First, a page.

In light of recent developments in the Arab political scene, Salafi-jihadists have been notably absent from the major uprisings taking place namely the "Jasmine Revolution" in Tunisia, the "Lotus Revolution" in Egypt, and even the ongoing Libyan uprising. After scrutinizing jihadist web forums, most discussions regarding Egypt and Tunisia seem to react to events without taking credit for them, a common practice for jihadists who usually place al-Qaeda and Salafi-jihadists trademarks on them. Furthermore the “official” reaction from al-Qaeda leaders has been late in coming. The organization’s second-in-command Ayman al-Zawahiri spoke, although a bit late, about the turmoil in Egypt. Al-Qaeda rhetoric promoting violent jihad, seems to have had very little affect among young Arabs and Muslims in Cairo and other Arab streets. Peaceful political activism proved, so far, to be more effective than al-Qaeda-style actions.
Al-Zawahiri and the Trust of the New Arab Street
The Salafi-jihadist movement has in fact delivered messages in several forms regarding the developments in the Arab world. Most significantly was a massage from al-Zawahiri who has released, so far, three parts of his message to the Egyptian people entitled “Part Three: Message of Hope and Good Tidings to Our People in Egypt". Al-Zawahiri reflected in his message, particularly in the second part, al-Qaeda’s opinion concerning the new inclination among Arab youth towards peaceful political activism instead of the al-Qaeda-style way of change i.e. violent jihad.
Al-Zawahiri, aiming to present the “soft and political” face of al-Qaeda, warned against expansion by using the “al-Tatarrus” concept (literally shielding) meaning that being Muslims among kaffer enemies should not keep jihadists from attacking them, despite possible “collateral” Muslims casualties. Many al-Qaeda attacks were in fact justified using this concept, including the September 11 attacks. Al-Zawahiri followed by stating that:
"[…] there are some operations that are truly or falsely attributed to the mujahidin targeting Muslims in mosques, markets other gathering spots. Regardless of the truth or falsity of these operations being attributed to the mujahidin, I and my brothers in al-Qaeda strongly condemn these attacks whether committed by the mujahdin or by others […] Sheikh Osama [Bin Laden] -may Allah protect him- delegated me to emphasize the [importance] of this matter. Hence I advise every mujahid to plan his operation very keenly to avoid injuring anyone who should not be hurt, [according to Islam] whether he is a Muslim or a non Muslim […] and to use all caution in [using] al-Tatarrus".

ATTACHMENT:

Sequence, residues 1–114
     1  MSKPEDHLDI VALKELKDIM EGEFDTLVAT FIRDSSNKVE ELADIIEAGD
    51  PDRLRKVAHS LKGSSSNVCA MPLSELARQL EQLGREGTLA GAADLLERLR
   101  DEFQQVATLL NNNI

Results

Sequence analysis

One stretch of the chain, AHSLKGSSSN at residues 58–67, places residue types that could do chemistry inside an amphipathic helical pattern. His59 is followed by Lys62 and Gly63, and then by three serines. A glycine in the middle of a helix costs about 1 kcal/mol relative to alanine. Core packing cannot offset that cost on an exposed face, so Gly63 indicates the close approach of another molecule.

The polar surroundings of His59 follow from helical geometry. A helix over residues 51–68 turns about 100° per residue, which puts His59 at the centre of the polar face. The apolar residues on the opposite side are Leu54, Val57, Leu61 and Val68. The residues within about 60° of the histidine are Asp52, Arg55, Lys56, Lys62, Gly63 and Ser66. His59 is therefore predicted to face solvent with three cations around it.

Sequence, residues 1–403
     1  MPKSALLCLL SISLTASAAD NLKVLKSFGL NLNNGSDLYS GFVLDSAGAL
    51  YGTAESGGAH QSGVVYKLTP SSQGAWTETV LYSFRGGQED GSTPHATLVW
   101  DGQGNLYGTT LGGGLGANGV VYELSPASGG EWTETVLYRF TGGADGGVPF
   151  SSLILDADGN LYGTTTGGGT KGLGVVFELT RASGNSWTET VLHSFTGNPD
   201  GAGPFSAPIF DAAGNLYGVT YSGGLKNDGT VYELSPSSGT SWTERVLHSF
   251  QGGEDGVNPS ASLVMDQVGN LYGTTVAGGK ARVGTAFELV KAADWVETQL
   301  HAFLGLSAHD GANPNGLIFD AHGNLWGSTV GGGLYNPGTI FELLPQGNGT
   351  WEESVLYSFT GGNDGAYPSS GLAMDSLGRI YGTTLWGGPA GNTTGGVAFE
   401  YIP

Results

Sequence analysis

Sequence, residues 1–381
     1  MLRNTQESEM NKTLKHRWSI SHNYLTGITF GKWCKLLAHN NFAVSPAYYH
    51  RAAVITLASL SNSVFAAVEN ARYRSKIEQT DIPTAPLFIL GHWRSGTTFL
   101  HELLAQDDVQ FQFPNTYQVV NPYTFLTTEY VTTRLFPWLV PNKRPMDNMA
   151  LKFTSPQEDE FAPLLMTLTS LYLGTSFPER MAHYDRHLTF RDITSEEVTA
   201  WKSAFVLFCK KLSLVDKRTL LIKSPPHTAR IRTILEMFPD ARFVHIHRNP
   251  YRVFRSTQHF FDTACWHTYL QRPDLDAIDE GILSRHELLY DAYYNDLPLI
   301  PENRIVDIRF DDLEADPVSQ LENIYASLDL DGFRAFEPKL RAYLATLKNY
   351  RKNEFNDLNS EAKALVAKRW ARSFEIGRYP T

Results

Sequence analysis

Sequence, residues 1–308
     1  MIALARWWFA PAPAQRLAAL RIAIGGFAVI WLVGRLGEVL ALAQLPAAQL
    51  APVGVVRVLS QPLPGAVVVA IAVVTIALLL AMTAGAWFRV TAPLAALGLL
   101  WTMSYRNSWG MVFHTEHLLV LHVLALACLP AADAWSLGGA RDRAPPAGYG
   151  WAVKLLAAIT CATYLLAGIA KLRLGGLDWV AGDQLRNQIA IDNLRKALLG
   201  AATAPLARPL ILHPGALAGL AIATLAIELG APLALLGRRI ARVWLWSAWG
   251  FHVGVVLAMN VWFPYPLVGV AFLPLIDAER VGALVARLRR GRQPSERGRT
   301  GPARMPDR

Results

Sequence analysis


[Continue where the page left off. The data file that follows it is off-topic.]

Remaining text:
Most studies pointed to the “killing of civilians” as a major issue that prompted al-Qaeda to lose ground and standing in the Muslim world, which makes al-Zawahiri’s remarks significant. His statement shows that al-Qaeda is losing its recruitment ability among the Arab youth, which prompted him to focus on certain issues in his message such as the legitimacy of killing civilians.
Attempts to promote this strategy were also stated in a booklet entitled “The Popular Revolution and the Fall of the Corrupt Arab System” written by Aṭīahllah Abū ‘Abd ar-Rahman (nom de guerre), a jihadist whose writings have been recommended by al-Zawahiri. Abd ar-Rahman has asked jihadists in Egypt to deal softly with the public, to avoid “intellectual confrontations”, and to focus on treating people politely. In doing so, al-Qaeda is seeking to gain the trust of the new Arab street. However, al-Qaeda literature remains in the “pre-Arab-revolutions” era, focused on the importance and priority of jihad against the West, and the United States in particular, while portraying them as occupiers and looters of Muslims world. This ideology reflects typical jihadist thought, it also shows how al-Qaeda is banking on the failure of the West in supporting the popular movements in Arab world.
Jihad Against the West
Abu Munther Shanqiti, whose name suggests that he is Mauritanian, has recently emerged as an influential jihadist ideologue. Apart from describing him as "a member of the Sharia’a Committee" of the Minbar al-Tawhid w al-Jihad website belonging to well-known jihadist scholar Abu Muhammad al-Maqdisi, there is not much information about al-Shanqiti. However his writings, letters, and fatwas suggest that he is an ideologue who is gaining influence. He issued a fatwa calling for the killing of Christian pastors in Egypt, after a series of bombings last December against Copts in Alexandria, Egypt. He has also authored a long letter, entitled “al-Intsar ll-Sujana’a al-Abrar fi Fitnat al-Hiwar” (Advocating the righteous prisoners in affliction of dialogue), which was addressed to the Mauritanian authorities as “a dialogue between the government and the armed groups in the prisons” (http://www.tawhed.ws/a?a=shanqeet).